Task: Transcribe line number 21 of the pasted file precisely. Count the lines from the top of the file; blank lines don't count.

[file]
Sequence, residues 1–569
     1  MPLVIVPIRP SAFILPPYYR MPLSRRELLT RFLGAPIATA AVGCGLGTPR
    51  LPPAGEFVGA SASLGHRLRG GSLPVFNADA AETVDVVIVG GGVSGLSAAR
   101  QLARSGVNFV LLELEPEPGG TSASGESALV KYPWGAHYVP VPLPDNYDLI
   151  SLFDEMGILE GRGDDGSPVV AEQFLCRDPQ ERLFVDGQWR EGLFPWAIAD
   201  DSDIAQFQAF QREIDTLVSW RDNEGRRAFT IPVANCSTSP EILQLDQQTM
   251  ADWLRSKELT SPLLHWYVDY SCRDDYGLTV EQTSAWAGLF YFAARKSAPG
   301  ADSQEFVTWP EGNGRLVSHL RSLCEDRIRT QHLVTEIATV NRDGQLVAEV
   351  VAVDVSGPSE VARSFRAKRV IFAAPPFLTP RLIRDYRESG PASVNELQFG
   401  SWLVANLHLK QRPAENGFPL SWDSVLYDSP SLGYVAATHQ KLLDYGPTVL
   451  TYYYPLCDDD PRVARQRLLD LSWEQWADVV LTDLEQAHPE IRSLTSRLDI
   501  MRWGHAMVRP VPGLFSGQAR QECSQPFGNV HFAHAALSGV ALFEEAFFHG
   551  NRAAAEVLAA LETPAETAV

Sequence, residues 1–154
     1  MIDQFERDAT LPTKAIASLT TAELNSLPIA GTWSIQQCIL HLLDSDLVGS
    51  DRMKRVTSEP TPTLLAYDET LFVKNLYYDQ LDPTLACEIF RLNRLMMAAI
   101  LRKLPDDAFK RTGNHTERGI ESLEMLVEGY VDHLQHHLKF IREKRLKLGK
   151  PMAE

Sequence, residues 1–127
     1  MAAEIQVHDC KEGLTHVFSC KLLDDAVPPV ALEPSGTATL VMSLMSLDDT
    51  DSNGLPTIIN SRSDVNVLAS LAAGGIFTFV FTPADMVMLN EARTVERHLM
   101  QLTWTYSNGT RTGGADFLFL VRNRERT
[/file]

    51  DSNGLPTIIN SRSDVNVLAS LAAGGIFTFV FTPADMVMLN EARTVERHLM